And projects are continuing to be procured, with the tender for the operation and upgrade of the state’s Transportation Operations Centres currently at request for proposals stage and the June 2013 announcement of a request for information for the upgrade of the I-66 highway.

With the confirmation of 20 potential deals, included in the recently-announced PPTA Pipeline 2013, the value of the state’s transportation pipeline is now set to soar to around the $20bn mark.

But it is not all plain sailing in the state. Despite reaching financial close with private sector partners Macquarie/Skanska on the $2bn Midtown Tunnel/MLK Extension in April 2012, the deal was thrown into doubt after a profoundly negative response to the setting of toll charges.

In May 2013, Judge James Cales ruled that the general assembly had “exceeded its authority by ceding the setting of toll rates and taxes” to the state’s transportation department.

He claimed that the move had given “unfettered power to the Department of Transportation without any real or meaningful parameters”.

Despite the response to the decision to begin collecting tolls two years in advance of construction, the state argued that stakeholders failed to acknowledge the regional traffic improvements that the system would also fund.

Another deal to be hit with problems is the Pocahontas Parkway P3. The operation of Virginia’s first DBFOM deal, signed in 1997, is to change hands after failing to generate sufficient revenue to cover debt payments.

Current operator, Transurban, has confirmed that it will transfer operation of the state-owned toll road to a consortium of European banks that already hold more than $300m in debt on the toll project.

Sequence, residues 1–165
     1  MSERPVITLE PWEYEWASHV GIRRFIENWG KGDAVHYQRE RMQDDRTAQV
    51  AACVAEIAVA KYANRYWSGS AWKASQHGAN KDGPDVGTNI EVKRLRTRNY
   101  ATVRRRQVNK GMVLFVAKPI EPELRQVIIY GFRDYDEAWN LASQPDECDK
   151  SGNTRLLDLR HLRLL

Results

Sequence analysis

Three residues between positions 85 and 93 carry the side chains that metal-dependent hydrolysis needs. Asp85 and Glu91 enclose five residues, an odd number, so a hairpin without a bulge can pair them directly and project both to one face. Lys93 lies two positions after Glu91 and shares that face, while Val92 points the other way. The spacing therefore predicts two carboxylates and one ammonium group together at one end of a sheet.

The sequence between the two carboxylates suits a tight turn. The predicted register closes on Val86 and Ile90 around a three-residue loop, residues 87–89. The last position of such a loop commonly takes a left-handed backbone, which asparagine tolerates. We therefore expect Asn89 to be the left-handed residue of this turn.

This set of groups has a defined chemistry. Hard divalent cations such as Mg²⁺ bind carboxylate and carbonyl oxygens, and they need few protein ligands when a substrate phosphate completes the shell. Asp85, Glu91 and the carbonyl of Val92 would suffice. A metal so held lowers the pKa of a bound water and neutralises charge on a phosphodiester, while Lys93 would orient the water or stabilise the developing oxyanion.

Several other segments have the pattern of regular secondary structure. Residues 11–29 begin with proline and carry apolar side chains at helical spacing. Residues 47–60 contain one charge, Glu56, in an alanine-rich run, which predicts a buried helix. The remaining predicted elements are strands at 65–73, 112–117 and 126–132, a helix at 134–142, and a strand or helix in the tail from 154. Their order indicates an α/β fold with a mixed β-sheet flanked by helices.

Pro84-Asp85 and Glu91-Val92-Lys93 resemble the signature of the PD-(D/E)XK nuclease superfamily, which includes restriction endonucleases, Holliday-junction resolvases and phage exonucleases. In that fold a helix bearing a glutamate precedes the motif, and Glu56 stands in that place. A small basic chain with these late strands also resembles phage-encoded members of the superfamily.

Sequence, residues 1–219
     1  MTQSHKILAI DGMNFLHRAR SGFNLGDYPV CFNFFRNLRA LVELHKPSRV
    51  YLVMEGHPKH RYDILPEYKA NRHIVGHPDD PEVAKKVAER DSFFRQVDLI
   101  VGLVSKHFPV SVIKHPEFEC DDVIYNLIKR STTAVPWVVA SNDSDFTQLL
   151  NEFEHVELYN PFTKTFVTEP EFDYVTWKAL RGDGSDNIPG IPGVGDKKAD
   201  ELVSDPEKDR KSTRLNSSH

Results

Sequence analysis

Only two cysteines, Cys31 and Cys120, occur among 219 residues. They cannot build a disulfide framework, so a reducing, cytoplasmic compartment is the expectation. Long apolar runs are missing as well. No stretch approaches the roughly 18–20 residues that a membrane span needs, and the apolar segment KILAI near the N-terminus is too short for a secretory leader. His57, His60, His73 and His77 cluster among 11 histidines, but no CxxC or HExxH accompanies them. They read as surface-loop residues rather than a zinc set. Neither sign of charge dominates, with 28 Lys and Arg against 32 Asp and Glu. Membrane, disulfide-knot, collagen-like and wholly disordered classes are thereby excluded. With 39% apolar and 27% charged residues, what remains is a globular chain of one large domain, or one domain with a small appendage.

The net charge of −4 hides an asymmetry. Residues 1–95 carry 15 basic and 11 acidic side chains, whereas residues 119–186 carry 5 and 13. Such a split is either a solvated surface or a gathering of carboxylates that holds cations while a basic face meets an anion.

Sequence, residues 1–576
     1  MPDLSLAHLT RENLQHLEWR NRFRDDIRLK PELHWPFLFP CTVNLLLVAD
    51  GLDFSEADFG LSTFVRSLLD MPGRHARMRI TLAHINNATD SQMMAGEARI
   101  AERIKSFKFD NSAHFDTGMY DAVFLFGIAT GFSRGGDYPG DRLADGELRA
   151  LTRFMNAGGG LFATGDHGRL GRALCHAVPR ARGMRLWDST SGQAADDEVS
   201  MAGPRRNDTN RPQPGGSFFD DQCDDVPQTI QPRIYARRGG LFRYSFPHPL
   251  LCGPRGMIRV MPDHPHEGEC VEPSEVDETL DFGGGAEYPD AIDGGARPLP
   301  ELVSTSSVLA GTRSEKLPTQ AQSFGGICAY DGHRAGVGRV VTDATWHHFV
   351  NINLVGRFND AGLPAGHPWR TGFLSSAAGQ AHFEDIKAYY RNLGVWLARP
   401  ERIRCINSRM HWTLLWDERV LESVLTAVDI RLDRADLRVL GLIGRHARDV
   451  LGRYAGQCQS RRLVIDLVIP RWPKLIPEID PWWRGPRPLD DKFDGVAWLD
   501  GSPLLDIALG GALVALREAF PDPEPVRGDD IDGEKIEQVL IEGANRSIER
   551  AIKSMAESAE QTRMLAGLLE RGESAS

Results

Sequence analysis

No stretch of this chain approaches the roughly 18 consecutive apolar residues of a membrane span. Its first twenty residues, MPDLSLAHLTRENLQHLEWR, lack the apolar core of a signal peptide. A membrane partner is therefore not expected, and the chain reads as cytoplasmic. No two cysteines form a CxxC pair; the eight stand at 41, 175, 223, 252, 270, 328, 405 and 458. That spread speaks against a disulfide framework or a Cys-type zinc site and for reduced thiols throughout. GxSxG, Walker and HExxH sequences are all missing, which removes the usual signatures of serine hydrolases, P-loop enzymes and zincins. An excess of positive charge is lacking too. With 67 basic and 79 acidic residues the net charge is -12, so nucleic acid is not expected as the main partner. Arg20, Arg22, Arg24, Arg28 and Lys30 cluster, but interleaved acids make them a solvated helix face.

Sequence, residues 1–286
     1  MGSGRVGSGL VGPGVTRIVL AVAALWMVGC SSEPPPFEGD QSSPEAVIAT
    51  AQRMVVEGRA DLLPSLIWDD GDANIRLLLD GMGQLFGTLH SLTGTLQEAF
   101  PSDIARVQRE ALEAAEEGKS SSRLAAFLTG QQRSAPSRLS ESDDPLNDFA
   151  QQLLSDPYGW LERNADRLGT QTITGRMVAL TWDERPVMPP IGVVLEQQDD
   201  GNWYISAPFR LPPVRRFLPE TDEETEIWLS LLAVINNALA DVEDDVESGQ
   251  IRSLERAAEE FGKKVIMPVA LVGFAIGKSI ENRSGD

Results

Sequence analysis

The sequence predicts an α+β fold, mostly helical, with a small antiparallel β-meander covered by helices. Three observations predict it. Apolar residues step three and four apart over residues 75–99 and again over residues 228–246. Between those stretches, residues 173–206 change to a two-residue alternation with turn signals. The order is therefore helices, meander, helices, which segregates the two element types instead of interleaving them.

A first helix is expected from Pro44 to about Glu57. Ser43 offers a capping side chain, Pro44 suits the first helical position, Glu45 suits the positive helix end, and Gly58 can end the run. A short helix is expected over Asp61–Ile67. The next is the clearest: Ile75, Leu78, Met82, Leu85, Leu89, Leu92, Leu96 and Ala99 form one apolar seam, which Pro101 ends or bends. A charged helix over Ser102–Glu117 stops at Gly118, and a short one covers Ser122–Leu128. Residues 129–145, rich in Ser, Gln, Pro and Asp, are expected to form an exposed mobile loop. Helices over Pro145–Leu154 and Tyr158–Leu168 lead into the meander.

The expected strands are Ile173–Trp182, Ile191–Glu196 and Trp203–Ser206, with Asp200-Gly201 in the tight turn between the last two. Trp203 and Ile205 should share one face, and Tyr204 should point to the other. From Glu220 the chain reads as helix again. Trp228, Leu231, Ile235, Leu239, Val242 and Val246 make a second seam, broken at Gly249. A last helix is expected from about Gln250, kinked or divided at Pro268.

As a result, the project must also return a $150m loan from the federal government. Although the transfer has been confirmed, the future long-term operation of the road is still unknown.

The road has been blighted with financial issues since its creation and has suffered over recent years from a downturn in airport traffic and the collapse of the nearby housing market.

Whoever is next in line to assume control of the road will be subject to continued oversight by VDOT and also bound by the current schedules for levying tolls.

And there continue to be wider issues affecting other projects in procurement and in the pipeline, according to Cromwell.

“We have faced challenges with several different aspects of P3 projects,” she said. “There is still the idea that we’re selling Virginia’s assets to ‘foreign’ companies. There is also an idea that jobs are being taken away from American workers.”

In response, OTP3 has sought to establish that it will be seeking local firms to assist in design and construction of projects as it continues to expand public knowledge of P3s.

But, in fitting with the rest of the US, and despite possessing the rarity of a legislative framework that – in some ways – backs the concept, social P3s remain another hurdle for the state going forward.

In comparison to its transportation counterpart, the social P3 market in the US has seen slow progress as a whole, hit by a lack of overall legislation and exacerbated further by confusion surrounding the P3 process at government level.

However, unlike many of its counterparts, Virginia can, at least, boast a signed social deal in its pipeline.

In November last year, the University of West Virginia agreed a deal with Paradigm Development to build and leaseback a $70m complex to the university in Morgantown’s Sunnyside district.

The scheme will assist with the university’s housing masterplan, with student living spaces and transitional family housing. It will include two multi-storey buildings on three acres and two acres with parking for residents and retail customers.

But Cromwell believes transportation is still likely to remain the go-to sector for investors in Virginia.

“While the dollar value of projects advanced under the PPEA is much less, the advantages of combining design, construction and maintenance are still achieved,” she argued.

“But I would not anticipate the depth and breadth of social infrastructure delivered via P3 in Virginia on the scale seen in the UK or Canada.”

Either way, as P3 continues to rise in the US, the state is in a strong position to continue to attract the attention of investors, both nationally and internationally. With a pipeline of projects behind it that looks set to grow, there are certainly worse places to turn than Virginia.